Banks also give cash credits to small businesses under certain circumstances. A cash credit can be seen as an arrangement between a bank and business in which the business is allowed to withdraw cash up to a certain limit. This specified limit is technically known as the cash credit limit. In most cases the limit is granted for a period of a one year at the initial stage; however, it can be extended for an extra year making it 2 years in succession after a review process. Once a business has obtained this sort of retail finance for two straight years, it can only utilize it again after a period of 3 years. One unique feature of a cash credit is that interest is charged only on the actual amount that business draws and not on the limit. But just as it is with loans, collateral and other forms security are a core requirement for a cash credit. Lastly, bank credits could come in the form of overdrafts. A bank overdraft allows businesses which hold an account in the lending bank to withdraw amounts that are beyond their balance. For a business to be eligible for an overdraft it must be creditworthy as seen from the perspective of the bank. Although there is lesser interest charged on a bank overdraft compared with what is charged on a cash credit or loan, it only provides a small amount of money, typically less than $2000.

Invoice Factoring

Invoice factoring is another way through which a small business can obtain the much needed retail finance, howbeit in an indirect form. Unlike most other sources of business funding, invoice factoring does not provide external cash to a business; rather it makes internal cash to be retained within the business for much longer. In simple terms, invoice factoring involves a business selling its invoices to a factoring company in exchange for a lump sum of cash.  The factoring company is a result of this transaction is empowered to collect the debts owed the business by its customers. However, the amount the factoring firm gives to the business is not exactly equal to the debts; rather the amount is around 90 percent or so of the debts. The percentage of the debts that the business gets in the way of a loan is often determined by how much easy it would be for the factoring company to retrieve the debts. It can be seen that not all businesses qualify for this sort of retail finance; in addition, getting an invoice factoring can be sometimes challenging.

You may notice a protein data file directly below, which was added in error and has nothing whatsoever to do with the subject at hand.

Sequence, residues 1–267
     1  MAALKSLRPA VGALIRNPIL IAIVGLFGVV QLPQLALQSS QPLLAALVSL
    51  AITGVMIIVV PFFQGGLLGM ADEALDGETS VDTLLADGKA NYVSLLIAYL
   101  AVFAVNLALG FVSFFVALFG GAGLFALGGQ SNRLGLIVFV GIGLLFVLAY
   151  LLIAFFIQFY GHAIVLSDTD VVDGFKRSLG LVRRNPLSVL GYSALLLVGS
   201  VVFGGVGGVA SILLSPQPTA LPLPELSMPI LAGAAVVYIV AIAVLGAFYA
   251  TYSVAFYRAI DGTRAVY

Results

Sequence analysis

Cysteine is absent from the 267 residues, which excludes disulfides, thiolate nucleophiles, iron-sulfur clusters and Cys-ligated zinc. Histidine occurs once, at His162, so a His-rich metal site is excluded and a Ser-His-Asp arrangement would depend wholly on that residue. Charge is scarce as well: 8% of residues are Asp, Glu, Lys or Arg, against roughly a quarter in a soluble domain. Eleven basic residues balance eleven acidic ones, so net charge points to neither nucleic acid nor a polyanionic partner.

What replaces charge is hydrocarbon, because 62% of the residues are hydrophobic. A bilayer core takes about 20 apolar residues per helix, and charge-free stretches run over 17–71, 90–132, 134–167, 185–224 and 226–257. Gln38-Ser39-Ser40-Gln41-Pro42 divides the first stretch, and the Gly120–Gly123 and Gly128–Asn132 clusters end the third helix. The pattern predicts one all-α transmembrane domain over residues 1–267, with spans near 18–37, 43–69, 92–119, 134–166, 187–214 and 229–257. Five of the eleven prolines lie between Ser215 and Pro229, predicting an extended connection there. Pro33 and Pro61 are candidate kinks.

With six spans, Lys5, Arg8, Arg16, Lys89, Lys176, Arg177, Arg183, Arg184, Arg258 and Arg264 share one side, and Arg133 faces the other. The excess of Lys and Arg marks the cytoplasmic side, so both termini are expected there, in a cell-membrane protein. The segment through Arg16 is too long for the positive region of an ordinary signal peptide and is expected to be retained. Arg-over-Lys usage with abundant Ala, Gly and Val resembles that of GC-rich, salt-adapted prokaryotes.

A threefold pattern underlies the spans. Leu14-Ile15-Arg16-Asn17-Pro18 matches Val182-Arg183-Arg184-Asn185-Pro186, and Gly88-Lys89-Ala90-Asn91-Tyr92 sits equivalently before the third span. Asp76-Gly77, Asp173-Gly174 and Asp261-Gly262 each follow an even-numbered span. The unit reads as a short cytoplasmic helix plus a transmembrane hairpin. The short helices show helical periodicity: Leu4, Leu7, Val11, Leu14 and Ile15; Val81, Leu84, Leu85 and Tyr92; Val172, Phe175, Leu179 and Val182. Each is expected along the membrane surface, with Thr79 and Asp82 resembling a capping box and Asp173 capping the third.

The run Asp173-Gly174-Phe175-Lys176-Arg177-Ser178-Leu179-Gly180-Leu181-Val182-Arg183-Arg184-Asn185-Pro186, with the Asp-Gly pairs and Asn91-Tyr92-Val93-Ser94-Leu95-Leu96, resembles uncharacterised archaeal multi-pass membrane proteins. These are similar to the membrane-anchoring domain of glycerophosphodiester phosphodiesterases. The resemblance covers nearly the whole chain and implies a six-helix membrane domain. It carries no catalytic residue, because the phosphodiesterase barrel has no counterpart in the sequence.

Online Lending

Online lending is another good source of small business funding. These days there are lots and lots of online lenders who are eager to provide quick business loans that are often unsecured to firms which fall short of the usual bank criteria: collateral, good credit score, strong cash flow; experience in business as per the number of years of operation.  Online lenders typically charge very high-interest rates as compared with traditional sources of retail Finance. Although online business seems to be gaining popularity among small business owners especially because of the speed with which loans can be obtained, businesses have reasons to be worried. First, it is actually preferable to borrow money from firms which have a physical location as this assures all parties that the transaction is genuine; moreover, problems will more easily sort out. And since online business lending is still at the juvenile stage, lenders can abruptly go out of business, causing so much distress for borrowers.

Merchant Cash Advances

If there is any single source of retail finance that tends to compensate for the limitations in the other sources, then it is merchant cash advance.   A merchant cash advance is an unsecured form of financing which removes the problem of collateral and personal guarantees, enabling businesses that hitherto could not access bank loans to have access to funds. The issue of credit score which is also a major hindrance to small businesses is also eliminated. This is because merchant cash advance providers do not require a business to have a good credit score before it can be issued with an advance. Instead, what is often required is for the business to have minimum monthly revenue of $5000.  The problem of delay which is often associated with bank loans does not occur in merchant cash advance. Merchant loans can be processed within one week and the cash delivered to the business. Because retail finance is mostly used to tackle immediate problems in a business, a merchant cash advance is likely the best bank alternative available to a small business.

Read More: Self Quiz: What Funding is Right for my Small Business?

CONCLUSION

All in all, even though a merchant cash advance is more expensive than a commercial bank loan, for example, closer examination often reveals that it more than justifies its cost. With merchant cash advance having an approval rate of almost 90 percent, small business owners surely know where to look if in urgent need of business finance.

 

We provide two highly accessible financing programs that can get your business the working capital it needs in days instead of months.

For a small business, obtaining a traditional loan today is a complex and difficult process. That’s where Premier Business Capital comes in.